KEEPED:  SYS.DBMS_STANDARD                                                                          
KEEPED:  SYS.DIUTIL                                                                                 
KEEPED:  SYS.STANDARD                                                                               

PL/SQL procedure successfully 

completed.

12.2.4.2 Pinning cursors into the shared pool

The DBMS_SHARED_POOL.KEEP procedure can be used to pin large cursors into the shared pool, as well as packages, procedures, and functions. In practice, it would be very unusual to need to do this. One reason might be in the case of a very large and complex view definition. Pinning the cursor associated with the view's SELECT statement into the shared pool may avoid memory management issues when users access the view.

In order to pin a cursor, the DBMS_SHARED_POOL.SIZES procedure is used to identify the cursor's address and hash value. These values are then passed as the name parameter in the call to DBMS_SHARED_POOL.KEEP. Note that because the cursor address is not identifiable until after the cursor is already in the shared pool, it is impossible to pre-pin a cursor object prior to its first reference by a user.

The following is output from a SQL*Plus session in which a cursor is identified using the SIZES procedure and is then pinned into the shared pool using KEEP:

SQL> execute dbms_shared_pool.sizes(50);

SIZE(K) 	KEPT   		                                NAME	
------		------------------------------------------	--------------
180		SYS.STANDARD	                                (PACKAGE)                    
78	YES	QDBA.Q$CVAR	                                (PACKAGE)
74	SELECT JOB   FROM SYS.DBA_JOBS_RUNNING  WHERE JOB = :b1 
		(0F884588,518752523)                            (CURSOR)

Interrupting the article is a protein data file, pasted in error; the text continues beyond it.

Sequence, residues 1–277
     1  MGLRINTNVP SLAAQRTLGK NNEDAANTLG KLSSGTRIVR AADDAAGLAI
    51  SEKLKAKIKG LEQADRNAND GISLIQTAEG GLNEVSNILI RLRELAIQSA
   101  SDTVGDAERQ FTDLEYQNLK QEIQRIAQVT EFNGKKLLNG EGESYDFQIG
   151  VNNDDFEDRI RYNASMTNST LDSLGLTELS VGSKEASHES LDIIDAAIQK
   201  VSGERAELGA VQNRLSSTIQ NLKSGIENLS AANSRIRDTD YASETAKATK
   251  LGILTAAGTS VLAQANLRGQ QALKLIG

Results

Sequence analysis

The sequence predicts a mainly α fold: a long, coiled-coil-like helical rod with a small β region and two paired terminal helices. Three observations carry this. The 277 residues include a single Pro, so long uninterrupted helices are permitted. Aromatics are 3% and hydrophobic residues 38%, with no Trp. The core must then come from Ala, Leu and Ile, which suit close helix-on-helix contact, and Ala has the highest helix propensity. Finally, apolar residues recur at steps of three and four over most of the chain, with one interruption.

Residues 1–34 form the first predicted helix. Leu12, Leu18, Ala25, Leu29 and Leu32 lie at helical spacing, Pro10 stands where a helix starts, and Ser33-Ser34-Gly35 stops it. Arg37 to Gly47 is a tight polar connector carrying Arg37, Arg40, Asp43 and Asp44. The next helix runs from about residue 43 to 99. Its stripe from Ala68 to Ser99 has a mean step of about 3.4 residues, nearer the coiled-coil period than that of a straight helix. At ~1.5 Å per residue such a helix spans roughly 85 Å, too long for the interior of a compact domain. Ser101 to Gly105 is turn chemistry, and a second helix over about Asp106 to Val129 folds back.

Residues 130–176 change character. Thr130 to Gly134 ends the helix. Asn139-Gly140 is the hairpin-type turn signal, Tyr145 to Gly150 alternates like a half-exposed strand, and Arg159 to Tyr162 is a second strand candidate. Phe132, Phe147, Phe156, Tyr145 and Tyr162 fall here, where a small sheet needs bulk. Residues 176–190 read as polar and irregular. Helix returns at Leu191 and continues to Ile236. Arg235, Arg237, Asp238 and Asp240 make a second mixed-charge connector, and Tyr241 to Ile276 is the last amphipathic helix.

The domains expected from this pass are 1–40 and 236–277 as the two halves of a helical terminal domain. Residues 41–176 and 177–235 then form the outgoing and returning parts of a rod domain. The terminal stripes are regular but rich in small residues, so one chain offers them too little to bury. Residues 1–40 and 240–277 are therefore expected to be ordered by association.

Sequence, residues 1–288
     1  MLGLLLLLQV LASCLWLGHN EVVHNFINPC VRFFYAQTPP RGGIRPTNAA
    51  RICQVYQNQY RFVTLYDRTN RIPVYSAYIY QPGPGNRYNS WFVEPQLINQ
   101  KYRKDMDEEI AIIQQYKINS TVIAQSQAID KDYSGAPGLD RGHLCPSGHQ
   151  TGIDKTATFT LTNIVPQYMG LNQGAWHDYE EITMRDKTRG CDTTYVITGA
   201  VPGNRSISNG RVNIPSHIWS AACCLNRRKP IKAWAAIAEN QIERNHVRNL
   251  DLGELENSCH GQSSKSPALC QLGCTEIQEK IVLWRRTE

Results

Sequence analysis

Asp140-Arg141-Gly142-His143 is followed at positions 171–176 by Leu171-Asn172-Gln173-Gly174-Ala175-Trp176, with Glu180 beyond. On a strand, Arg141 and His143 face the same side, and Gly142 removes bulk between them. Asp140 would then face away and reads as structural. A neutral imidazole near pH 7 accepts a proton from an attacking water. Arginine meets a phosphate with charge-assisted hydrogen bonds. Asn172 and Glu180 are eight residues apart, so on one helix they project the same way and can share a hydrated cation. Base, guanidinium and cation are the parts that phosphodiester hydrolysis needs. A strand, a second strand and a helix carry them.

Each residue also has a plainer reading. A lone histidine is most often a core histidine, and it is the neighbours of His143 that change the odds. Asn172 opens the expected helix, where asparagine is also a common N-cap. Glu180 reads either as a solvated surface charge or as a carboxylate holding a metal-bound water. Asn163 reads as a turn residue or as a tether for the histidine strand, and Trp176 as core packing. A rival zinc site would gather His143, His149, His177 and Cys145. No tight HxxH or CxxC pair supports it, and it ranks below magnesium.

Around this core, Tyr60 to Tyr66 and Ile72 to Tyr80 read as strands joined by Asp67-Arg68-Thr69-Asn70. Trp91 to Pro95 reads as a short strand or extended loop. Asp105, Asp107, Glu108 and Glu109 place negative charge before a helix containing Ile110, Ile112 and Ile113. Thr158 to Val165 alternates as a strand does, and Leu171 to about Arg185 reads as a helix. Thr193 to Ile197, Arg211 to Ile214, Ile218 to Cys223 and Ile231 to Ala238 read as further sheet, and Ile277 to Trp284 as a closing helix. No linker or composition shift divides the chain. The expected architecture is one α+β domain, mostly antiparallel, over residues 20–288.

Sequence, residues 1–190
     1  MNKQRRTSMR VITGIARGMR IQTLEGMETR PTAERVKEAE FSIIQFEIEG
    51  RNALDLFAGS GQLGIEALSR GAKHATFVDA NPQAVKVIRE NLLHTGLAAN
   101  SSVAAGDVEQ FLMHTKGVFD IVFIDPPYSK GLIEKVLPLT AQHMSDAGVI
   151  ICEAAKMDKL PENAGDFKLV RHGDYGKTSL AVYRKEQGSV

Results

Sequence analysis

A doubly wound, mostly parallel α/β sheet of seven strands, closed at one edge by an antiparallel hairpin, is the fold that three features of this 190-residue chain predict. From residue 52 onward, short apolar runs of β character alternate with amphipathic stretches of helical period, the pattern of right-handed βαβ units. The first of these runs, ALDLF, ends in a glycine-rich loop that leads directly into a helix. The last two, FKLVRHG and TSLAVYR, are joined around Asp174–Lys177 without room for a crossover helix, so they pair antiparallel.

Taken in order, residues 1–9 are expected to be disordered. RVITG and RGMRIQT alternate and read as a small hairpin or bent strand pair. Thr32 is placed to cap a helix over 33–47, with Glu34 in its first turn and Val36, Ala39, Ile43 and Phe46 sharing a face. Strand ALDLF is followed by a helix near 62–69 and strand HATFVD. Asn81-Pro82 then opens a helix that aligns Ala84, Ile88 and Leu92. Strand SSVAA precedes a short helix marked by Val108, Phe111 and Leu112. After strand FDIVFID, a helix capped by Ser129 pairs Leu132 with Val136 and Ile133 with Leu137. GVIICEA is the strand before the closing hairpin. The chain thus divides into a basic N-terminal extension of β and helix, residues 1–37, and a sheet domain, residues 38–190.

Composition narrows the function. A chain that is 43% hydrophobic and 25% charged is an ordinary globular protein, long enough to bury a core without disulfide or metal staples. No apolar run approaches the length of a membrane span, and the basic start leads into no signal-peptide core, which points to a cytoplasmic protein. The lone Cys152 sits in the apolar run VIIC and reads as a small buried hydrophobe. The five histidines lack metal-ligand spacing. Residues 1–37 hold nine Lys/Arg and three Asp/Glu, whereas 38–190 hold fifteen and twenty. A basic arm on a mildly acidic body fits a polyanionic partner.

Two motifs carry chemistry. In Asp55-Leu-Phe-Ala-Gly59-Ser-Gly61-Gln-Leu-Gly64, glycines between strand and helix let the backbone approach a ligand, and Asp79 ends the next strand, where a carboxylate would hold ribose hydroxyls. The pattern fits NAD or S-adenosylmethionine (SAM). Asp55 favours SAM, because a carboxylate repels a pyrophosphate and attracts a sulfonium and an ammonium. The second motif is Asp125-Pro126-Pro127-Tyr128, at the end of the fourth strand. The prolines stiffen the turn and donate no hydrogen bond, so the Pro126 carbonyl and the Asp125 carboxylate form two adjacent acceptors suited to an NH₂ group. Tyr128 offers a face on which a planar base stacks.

71	YES	QDBA.Q$INSTAT                                   (PACKAGE BODY)
62	YES	QDBA.Q$BGPROC                                   (PACKAGE BODY)

PL/SQL procedure successfully completed.

SQL> execute dbms_shared_pool.keep('0F884588,518752523','C');

PL/SQL procedure successfully completed.

SQL> execute dbms_shared_pool.sizes(50);

SIZE(K) KEPT   NAME                                                                                 


SIZE(K) 	KEPT   		                                NAME	
------		------------------------------------------	--------------
180		SYS.STANDARD                                    (PACKAGE) 
78	YES	QDBA.Q$CVAR                                     (PACKAGE)	
74	YES(1) 	SELECT JOB   FROM SYS.DBA_JOBS_RUNNING  WHERE JOB = :b1                                   
		(0F884588,518752523)                            (CURSOR)                  
71	YES   	 QDBA.Q$INSTAT                                  (PACKAGE BODY)                    
62	YES    	QDBA.Q$BGPROC                                   (PACKAGE BODY)
PL/SQL procedure successfully completed.

After the cursor is pinned, the second call to the SIZES procedure indicates this by showing "YES" in the KEPT output column. It is interesting (and somewhat confusing) that such a simple SELECT statement results in a cursor that uses 74K of shared pool memory.

12.2.4.3 The DBA_KEEPSIZES view

DBA_KEEPSIZES is a view that makes available the size PL/SQL objects will occupy in the shared pool when kept using the DBMS_SHARED_POOL.KEEP procedure. This view can be used by the DBA to plan for shared pool memory requirements of large PL/SQL objects. The actual view definition, contained in the dbmspool.plb file, follows:

CREATE OR REPLACE VIEW DBA_KEEPSIZES 
   (totsize, owner, name) 
AS
SELECT  TRUNC((SUM(parsed_size)+SUM(code_size))/1000)
       ,owner
       ,name
  FROM dba_object_size
 WHERE TYPE IN
        ('PACKAGE','PROCEDURE','FUNCTION','PACKAGE BODY','TRIGGER')
 GROUP BY owner, name;

The columns for DBA_KEEPSIZES are defined in the following table.

Column

Datatype

Description

TOTSIZE

NUMBER

Size in shared pool if object kept (via KEEP)

OWNER

VARCHAR2(30)

Schema of the stored PL/SQL object

NAME

VARCHAR2(30)

Name of the stored PL/SQL object

You can query DBA_KEEPSIZES to get an idea of which packages, procedures, and functions are relatively large, and thus may be good candidates for pinning into the shared pool.